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“Never take your eye off the bull”

During rutting and calving seasons in the Fall and Spring, the number of elk sightings increases around The Banff Centre. Open spaces like the green space in front of the music building allow them to see potential predators coming from a distance while keeping their backs to a wall to minimize surprise attacks. It’s a good place to be.

This is no joke. Illustration by Kristy Davison.

This is no joke. Illustration by Kristy Davison.

Twenty years ago, the elk invasion had become so serious that a TBC Elk Action Plan was hatched. Options discussed with wardens included removing large trees to prevent pedestrians from being surprised by hidden elk, installing temporary electric fences, and placing canisters of artificial wolf scent in the woods surrounding the Leighton Studios.  Security at the time offered to ferry nervous staff or visitors through elk herds to other buildings on campus.

Things have calmed down since then, but I had caught a hot tip that our campus cowboys were wrangling the herds using only a hockey stick with a garbage bag tied to it and I felt compelled to investigate what sounded too good to be true. Crossing my fingers, I called up Alasdair “Grif” Griffith and Chris Furlan from Security who were prepared to divulge some of their tried-and-true tactics for cajoling the creatures off campus.


The Security team was quick to correct my misconception about the hockey stick.

“It’s a rake we use, not a hockey stick,” Grif said as he pulled said tool out of the back of the security van. The rake, a remnant pilfered from grounds crew’s throw-away pile, has half of its tines missing and handle sawed or broken off, and is wrapped in a green garbage bag. The handle is covered in duct tape for added grip and greater protection from splinters.

“I mean, the [park] wardens use a hockey stick and it’s the same principle. It’s just that the rake, it’s got more area. And so you can sometimes make a bigger or a louder noise with it,” Chris explained.

“So you think the rake is better than the hockey stick?” I asked.

“In my opinion, anyways.”

“I think it is, yeah,” Grif chimed in.

Wardens, take note.

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Paul Zizka: Chasing the aurora

Local mountain landscape and adventure photographer Paul Zizka gives us a look at the amazing aurora display of June 1, 2013 in Banff National Park.

One of Paul Zizka’s aurora borealis photos, shot at Herbert Lake, north of Lake Louise.

All aurora nights start with the same intention. “Oh I’ll just get out for an hour and be in bed by midnight…” Somehow I keep getting caught up taking in the celestial displays and end up staying out for much later than that.

Some shows warrant not going back to bed at all. The night that ended the month of May and kicked off June was one of those nights. The aurora danced for hours, filling up most of the Banff National Park sky at times, and often with a fantastic array of color. The only reason I went to bed that night was that eventually the sun rose and washed out the spectacle. We all wished the darkness would never end.

Many folks were caught by surprise, since the display didn’t get much hype prior to happening (unlike some previous events that were the rage on the major news networks). Much of western Canada was also blanketed in clouds, so many decided not to take their chances.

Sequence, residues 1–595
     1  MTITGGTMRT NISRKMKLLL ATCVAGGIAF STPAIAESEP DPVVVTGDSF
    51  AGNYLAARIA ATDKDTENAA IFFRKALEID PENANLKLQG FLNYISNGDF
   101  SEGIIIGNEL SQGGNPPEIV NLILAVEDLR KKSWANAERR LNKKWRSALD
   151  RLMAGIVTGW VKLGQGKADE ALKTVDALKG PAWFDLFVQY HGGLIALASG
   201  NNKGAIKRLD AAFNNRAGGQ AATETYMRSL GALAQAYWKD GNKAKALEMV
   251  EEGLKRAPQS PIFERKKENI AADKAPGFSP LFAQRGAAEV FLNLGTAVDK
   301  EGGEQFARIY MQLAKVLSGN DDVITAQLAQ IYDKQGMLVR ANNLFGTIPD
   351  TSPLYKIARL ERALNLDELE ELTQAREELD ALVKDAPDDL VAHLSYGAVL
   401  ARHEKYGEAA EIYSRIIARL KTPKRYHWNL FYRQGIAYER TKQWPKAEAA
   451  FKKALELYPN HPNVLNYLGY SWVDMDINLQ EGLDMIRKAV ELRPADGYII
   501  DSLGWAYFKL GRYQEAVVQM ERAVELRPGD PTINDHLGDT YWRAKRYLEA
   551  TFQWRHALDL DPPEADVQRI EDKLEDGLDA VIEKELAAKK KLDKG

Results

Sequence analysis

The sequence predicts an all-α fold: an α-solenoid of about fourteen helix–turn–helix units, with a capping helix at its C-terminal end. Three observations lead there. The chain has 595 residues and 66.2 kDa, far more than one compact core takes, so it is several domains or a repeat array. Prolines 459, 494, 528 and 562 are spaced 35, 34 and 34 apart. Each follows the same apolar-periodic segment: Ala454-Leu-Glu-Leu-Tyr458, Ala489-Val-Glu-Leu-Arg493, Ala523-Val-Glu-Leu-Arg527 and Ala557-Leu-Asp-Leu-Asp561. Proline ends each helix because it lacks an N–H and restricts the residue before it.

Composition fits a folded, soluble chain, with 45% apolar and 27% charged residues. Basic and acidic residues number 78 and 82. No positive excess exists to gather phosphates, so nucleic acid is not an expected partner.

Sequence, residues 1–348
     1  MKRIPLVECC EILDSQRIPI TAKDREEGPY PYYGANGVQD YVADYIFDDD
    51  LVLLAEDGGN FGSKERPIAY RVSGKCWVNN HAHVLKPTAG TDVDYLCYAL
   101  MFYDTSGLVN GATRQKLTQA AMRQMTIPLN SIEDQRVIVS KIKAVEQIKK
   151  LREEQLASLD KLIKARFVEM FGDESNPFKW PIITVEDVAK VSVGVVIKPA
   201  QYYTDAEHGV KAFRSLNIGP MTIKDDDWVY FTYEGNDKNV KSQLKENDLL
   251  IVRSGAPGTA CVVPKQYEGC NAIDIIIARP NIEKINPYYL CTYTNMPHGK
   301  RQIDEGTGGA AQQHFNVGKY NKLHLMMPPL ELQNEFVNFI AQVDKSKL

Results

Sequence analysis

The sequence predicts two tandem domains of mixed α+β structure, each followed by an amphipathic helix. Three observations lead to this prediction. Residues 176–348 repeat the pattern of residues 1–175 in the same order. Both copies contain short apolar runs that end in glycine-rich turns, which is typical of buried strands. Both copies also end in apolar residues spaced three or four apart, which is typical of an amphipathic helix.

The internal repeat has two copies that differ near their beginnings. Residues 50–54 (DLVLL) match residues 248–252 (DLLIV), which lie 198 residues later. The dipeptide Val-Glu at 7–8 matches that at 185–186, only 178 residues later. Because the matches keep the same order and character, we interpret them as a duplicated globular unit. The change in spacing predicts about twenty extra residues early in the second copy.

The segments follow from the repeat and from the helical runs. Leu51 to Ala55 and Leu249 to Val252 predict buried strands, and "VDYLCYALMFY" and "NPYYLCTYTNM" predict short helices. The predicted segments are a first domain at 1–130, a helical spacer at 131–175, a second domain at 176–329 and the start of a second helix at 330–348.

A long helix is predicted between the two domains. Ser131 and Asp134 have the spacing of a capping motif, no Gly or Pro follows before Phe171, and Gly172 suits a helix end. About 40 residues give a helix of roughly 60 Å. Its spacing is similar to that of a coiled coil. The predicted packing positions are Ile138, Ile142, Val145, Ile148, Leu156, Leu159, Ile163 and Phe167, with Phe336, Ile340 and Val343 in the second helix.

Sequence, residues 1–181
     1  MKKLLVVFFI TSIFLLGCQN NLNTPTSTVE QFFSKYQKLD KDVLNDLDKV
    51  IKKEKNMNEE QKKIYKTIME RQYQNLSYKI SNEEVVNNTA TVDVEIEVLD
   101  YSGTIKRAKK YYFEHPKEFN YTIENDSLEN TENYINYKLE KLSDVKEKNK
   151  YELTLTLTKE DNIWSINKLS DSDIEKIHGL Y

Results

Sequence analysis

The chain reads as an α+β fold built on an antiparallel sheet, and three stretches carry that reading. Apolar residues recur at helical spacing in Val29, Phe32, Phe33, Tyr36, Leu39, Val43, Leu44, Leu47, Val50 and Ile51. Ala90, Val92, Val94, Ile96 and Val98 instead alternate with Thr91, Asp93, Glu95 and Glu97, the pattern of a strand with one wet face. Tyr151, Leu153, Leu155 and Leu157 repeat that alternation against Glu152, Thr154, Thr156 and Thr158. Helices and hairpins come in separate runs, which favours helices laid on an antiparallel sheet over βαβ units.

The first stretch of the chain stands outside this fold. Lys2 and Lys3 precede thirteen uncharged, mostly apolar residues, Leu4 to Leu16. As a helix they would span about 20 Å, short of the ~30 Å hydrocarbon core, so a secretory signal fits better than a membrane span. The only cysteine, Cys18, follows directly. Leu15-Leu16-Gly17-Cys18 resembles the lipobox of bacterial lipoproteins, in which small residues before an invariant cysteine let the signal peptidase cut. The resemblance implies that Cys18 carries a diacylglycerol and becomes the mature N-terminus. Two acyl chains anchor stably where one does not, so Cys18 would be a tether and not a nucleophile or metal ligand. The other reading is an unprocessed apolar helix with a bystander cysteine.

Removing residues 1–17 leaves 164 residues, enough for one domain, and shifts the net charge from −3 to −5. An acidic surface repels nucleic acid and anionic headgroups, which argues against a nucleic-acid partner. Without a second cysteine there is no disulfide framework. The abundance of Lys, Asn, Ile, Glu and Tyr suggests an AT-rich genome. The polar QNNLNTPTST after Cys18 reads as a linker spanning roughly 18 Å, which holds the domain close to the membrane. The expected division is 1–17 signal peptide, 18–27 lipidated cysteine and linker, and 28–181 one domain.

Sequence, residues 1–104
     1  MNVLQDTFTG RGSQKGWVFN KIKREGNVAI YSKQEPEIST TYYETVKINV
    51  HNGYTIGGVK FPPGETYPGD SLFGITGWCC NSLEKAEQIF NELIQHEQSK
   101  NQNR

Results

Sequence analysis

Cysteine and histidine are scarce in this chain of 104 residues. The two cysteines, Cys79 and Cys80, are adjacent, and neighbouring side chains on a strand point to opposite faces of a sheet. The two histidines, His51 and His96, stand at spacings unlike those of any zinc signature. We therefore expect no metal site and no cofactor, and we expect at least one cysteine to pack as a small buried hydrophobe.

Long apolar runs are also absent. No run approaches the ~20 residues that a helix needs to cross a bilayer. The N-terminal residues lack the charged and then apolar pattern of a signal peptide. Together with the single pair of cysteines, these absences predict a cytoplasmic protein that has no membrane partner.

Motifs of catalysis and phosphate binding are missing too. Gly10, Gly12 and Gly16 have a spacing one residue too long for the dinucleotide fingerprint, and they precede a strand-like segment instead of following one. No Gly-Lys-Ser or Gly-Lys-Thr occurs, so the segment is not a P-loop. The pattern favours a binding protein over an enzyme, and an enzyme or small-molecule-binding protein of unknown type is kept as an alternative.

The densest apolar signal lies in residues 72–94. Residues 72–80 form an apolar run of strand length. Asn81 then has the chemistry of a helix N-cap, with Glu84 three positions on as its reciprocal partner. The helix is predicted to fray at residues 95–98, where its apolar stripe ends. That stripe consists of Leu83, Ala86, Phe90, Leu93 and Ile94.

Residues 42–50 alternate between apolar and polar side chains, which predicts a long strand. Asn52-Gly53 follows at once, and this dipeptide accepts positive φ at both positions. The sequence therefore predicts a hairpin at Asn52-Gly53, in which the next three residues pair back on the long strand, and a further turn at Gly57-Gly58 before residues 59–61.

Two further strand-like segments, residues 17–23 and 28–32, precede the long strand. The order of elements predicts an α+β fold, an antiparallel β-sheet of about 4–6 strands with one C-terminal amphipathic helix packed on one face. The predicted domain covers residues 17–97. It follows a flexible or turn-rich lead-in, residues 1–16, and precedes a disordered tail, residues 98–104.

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On Photographers’ Time in the wilderness

A butterfly takes a time out on a tourist bus hubcap, and, below, a pika has a snack by the Consolation Lakes. Photos taken by Mark Louie in the 2012 Banff Wilderness Photography Workshop.

 Skies are clear and the morning is cold on our first full day of the 2012 Banff Wilderness Photography Workshop. I am feeling very fortunate to attend as a Banff Centre staff member who has worked as an administrator with artists for the past seven years. Our small group of participants and faculty meet in the parking lot, each one of us loaded with gear: camera bodies (plural); lenses:  fish-eye, macro, zoom, wide-angle, telephoto (Gus from Canmore has a lens wrapped in camouflage that approximates a bazooka); tripods; filters; memory sticks; secure digital cards; and laptops.  Continue Reading →

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Ice caves, adventure racers, night climbing

Last year, we made a few changes to the popular Banff Mountain Photography Competition. Instead of asking amateur and professional photographers to send in great individual mountain-themed photos, we asked them to send in photo essays, in a maximum of seven frames. We got more than 80 submissions, and put them in front of our three judges, Don Lee, who heads up The Banff Centre’s photographic department, and Alberta-based photographers Craig Richards and Dianne Bos.

“A good photo essay must be able to tell a story, even without text,” Don told us, after the finishing this year’s jury process. “Each image should be strong enough to stand on its own while at the same time it should blend with the other images to create something that’s even stronger or more interesting. Similar to a written story, there should be a strong start and finish, with the images in the middle working to fill out the essay, and just because a maximum of seven images are allowed, that doesn’t mean that seven images should be used if five will tell the story.”

Don shared a selection of several of the really strong finalists in this year’s competition:

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